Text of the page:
Date set for pediatric dentist's fraud trial
Dr. Howard S. Schneider facing Medicaid fraud charges
JACKSONVILLE, Fla. – A trial date has been set for embattled pediatric dentist Dr. Howard S. Schneider, who is facing 11 counts of Medicaid fraud.
Schneider, 78, pleaded not guilty to those charges and one count of scheme to defraud.
His lawyers argued unsuccessfully last month to have the charges dismissed.
Schneider's trial is set to begin June 13.
Schneider remains free on $110,000 bond and is now living in St. Simons Island, Georgia.
The state claims the pediatric dentist billed Medicaid hundreds of thousands of dollars for procedures he didn’t actually perform. Parents claim that the pediatric dentist abused children.
Included in the state's evidence gathered for the fraud case are nearly a dozen similar accounts from parents telling investigators what they and their kids experienced in Schneider’s office:
That man doctor threw me."
"He choked me and pulled my teeth."
"They’re lying to you"
The Office of the Attorney General Medicaid Fraud Control Unit interviewed them as a part of its investigation of the dentist. Parents of Schneider's patients recounted hearing screams, children injured during procedures, and children getting procedures the parents didn't even know about.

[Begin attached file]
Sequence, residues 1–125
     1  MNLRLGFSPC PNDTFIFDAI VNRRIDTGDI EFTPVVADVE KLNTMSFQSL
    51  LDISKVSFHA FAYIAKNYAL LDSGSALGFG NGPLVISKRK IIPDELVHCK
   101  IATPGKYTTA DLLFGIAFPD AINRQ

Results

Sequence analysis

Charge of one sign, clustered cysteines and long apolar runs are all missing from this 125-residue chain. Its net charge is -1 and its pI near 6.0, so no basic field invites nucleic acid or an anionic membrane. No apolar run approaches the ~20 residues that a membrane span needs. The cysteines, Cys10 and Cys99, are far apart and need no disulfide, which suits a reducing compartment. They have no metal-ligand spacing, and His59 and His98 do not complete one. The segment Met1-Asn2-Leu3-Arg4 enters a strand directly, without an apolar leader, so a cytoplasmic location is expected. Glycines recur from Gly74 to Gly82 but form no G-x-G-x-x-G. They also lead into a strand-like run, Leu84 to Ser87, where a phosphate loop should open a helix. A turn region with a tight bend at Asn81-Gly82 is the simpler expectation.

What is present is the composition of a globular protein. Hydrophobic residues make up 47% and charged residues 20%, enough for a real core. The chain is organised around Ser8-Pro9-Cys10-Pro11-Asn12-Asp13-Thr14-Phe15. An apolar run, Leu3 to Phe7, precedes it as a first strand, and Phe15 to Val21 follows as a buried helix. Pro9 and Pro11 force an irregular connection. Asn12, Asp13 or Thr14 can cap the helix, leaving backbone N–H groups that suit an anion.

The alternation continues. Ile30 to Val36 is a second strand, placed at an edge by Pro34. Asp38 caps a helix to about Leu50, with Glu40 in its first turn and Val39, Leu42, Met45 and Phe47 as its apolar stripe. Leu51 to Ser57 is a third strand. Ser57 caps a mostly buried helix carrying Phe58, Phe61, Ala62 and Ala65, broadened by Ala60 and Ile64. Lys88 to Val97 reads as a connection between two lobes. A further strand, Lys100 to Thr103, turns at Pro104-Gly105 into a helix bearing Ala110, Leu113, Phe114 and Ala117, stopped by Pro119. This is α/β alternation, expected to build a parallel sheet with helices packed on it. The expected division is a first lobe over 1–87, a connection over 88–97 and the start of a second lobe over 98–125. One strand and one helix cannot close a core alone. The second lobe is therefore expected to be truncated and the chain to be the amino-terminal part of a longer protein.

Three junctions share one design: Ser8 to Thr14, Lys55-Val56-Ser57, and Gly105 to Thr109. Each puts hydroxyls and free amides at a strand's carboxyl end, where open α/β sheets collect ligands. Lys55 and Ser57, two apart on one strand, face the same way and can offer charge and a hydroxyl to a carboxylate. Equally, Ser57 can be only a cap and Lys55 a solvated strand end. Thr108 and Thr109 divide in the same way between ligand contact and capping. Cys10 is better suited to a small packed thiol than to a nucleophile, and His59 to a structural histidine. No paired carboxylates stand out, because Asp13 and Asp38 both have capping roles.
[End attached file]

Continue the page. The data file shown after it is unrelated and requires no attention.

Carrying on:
Parents reported their children's lips were bruised, their kids were very scared, and one patient was found facedown on the floor.
One parent told investigators they took their child to Schneider's office for a procedure they were told would only take 30 minutes. After three hours, they went to the window three times, and an assistant finally told them there was an incident.
When the parent was finally able to see the child, the child was hyperventilating and had marks, scratches and blood all over.
According to one document, Schneider’s assistant told the person the child was on a papoose board and, “We stepped out, came back and (he/she) was face first on the floor.”
But the child had a different story, telling investigators: “They’re lying to you. That man doctor threw me and that lady picked me up when I was on the board, and she was laughing at me and sat on me and choked me.”
The parent told investigators, “I saw that my baby was missing all (his/her) teeth.”
The documents also include what experts told investigators about Schneider, including:
- His consent form is too general, and he should get consent from parents before performing additional procedures.
- His charts had poor progress notes.
- The quality of work performed on the patients was low and below standards of care.
- The type and amount of sedation that Schneider was using on the children was very mild and would not be strong enough for a child 3 years or older.
One dentist who treated patients after they had seen Schneider told investigators, "It was like if Dr. Schneider had done crowns, the crown was gone. If Schneider had done a filling, the filling was gone."
Schneider is also facing civil lawsuits from former patients.
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